It had been one of those long, bright afternoons that in western Washington seem endless, even in September. After she applied makeup in the front seat of her car (the late sunlight usefully cruel as it flared its final strength against the rear-view mirror), Wanda Braeger toddled over to the porch to text everybody, still clad in a bathrobe. She’d decided that morning to throw a cookout but, between her Sunday grooming routine and a slight hangover, hadn’t had time to let anyone else know. It was around 5:30 p.m. As she leaned over her phone, the white oak trees surrounding her clapboard farmhouse cast her face into shadow, making her appear younger than her fifty-four years.
Most of the people Wanda texted got a standard Wanda party message: I’m having a little thing at my place at 7:30, everybody’s coming, would luv to see u! But a few individuals—several men she worked with at the sticker factory, specifically—got a photo as well, of her tiny party dress and heels lined up on the bed, alongside a black bra and panty set.
Upstairs, in a bedroom strung with clotheslines dangling sheets of handmade paper, Wanda’s twenty-year-old daughter, Lou, had just DMed Cassandra, a girl who both was and was not her friend. Lou had met her six months ago at a craft fair, where Cassandra had been running a booth for her employer, Skagit County Beads. Lou’s eye was caught by the beads’ coruscating colors, which filled their Plexiglass trays with glassy bursts of red, blue, and gold.
“So, are you gonna buy something or what?” Cassandra said from behind the table, her warm tone at odds with her words. She had a small, smirking, china doll face and straight-ironed hair in a short bob.
“Or what,” Lou said. “I’m more of a paper maker.”
“Okay, interesting,” Cassandra said. “Next question: do you smoke?”
“Cigarettes? No. They make me cough.”
“Well, would it make you cough to accompany me while I smoke in the alley?”
“Who’s going to run your booth?”
Cassandra shrugged. “The mark-up on beads is wild,” she said.
But I don’t know if I want to go, Lou thought, as they left the craft fair’s hopeful signage behind.
But she did know. She liked Cassandra, who acted as if they already knew each other.
After that, Cassandra messaged Lou every once in a while, asking her to go dancing in the city or accompany her to forest raves. Cassandra didn’t drink, so she loved to dance—it burned off energy that might have gone sour if she’d been forced to sit around in bars, drinking flat club soda.
Lou generally went wherever Cassandra invited her, even though she hated crowds and had a bad fake ID. Wanda expected Lou to explain all of her social plans, so Lou lied to her about the Cassandra nights, said she was going to crafting meet-ups or youth group game nights—anything Wanda would be bored by. Sometimes Lou and Cassandra talked about starting their own bead and handmade paper store, somewhere far away. Maybe Boise.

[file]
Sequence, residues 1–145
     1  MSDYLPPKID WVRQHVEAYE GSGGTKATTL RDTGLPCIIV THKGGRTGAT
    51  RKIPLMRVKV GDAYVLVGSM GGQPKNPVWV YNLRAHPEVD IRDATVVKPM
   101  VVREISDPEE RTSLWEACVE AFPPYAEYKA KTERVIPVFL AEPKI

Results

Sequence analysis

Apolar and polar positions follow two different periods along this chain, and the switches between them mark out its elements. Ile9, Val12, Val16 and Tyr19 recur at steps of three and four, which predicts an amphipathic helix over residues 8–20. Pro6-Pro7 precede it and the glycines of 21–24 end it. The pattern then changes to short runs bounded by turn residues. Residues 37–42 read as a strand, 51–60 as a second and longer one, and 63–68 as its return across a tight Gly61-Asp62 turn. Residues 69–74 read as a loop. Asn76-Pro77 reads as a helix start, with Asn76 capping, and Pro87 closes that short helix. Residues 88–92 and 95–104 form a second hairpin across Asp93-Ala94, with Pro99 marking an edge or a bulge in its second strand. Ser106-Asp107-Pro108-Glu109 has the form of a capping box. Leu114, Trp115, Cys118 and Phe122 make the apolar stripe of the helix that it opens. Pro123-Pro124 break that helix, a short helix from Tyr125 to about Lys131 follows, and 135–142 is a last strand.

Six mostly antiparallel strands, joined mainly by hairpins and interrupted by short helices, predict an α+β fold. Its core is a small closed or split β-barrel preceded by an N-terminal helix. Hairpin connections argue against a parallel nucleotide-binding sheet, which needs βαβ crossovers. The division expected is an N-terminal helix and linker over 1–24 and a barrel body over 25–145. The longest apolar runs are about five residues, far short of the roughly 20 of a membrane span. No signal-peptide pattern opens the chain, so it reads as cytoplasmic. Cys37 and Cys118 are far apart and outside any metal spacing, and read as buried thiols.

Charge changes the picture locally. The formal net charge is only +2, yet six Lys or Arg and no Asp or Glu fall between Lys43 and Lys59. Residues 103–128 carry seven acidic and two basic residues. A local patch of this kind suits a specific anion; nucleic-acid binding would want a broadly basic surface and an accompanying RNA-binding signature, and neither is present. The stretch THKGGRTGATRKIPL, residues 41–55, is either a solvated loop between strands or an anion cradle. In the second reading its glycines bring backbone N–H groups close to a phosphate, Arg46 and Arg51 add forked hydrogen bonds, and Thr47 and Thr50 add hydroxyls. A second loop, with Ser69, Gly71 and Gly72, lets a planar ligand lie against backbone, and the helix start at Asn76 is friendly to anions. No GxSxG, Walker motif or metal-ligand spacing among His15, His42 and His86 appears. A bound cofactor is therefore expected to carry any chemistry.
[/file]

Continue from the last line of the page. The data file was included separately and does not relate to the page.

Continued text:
Lou loved being in a story about two close, adventurous friends, even if that wasn’t exactly what was happening. Occasionally, without warning, Cassandra would make her pay both their covers at a club. Or abandon her at a rave for some pretty girl who could be her twin, leaving Lou to beg random partygoers for a ride home.
As she listened to Wanda’s twenty-nine-year-old boyfriend Jimmy cough in the upstairs shower—he was nursing an all-day hangover—Lou messaged Cassandra again: Where should I meet you? She didn’t care where they went. She just wanted Cassandra’s reality to overwhelm her own, dissolve it into mist. Because there was the fact of what both her licenses said, that she was an adult, an active agent in the world who could say yes or no, and then there was the way things worked in this house, where her desires (for privacy, to move out, to go to college) were taken as seriously as when she was a six-year-old who would wear only red shoes to school.
A few minutes went by as Lou stared at her phone, feeling sweaty and ridiculous. The sheets of handmade paper trembled, as if chilled by a draft. Then Cassandra wrote: I’ll pick you up at 6. At the end of the street again?
Perfect, Lou wrote.
It was 5:40, and Wyzer Road was not a short street—it took ten minutes to get to the corner. Lou hurriedly combed the tangles from her bleached-blond hair, then cajoled a pale, shaky Jimmy out of the bathroom. Stealing dibs and dabs from her mother’s products, she gave herself stronger brows, rosier cheeks, shinier waves.
Skimming down the stairs, she came down on an ankle the wrong way and almost fell. Slowing down, Lou slunk past the beer can–cluttered living room, then through the front door.
Out on the porch, Wanda had just fielded another “no” response, this time from Todd O’Connor. She didn’t mind if her female coworkers declined to come over, but to get turned down by a man (even a narrow-shouldered vaper like Todd) really stung. Once, Wanda had been able to stop a room just by walking into it. She hadn’t been that woman in a while, but tonight she wanted to feel juicy and disastrous again.
Suddenly, the front door opened, and Lou eased herself out of it, looking primped up, fancy, like an adult stranger.
“Where do you think you’re going?” Wanda said.
Lou jumped. “Out,” she said. “Only for a little bit.”
“Where?” Wanda said. “With who? We’re having a cookout tonight.”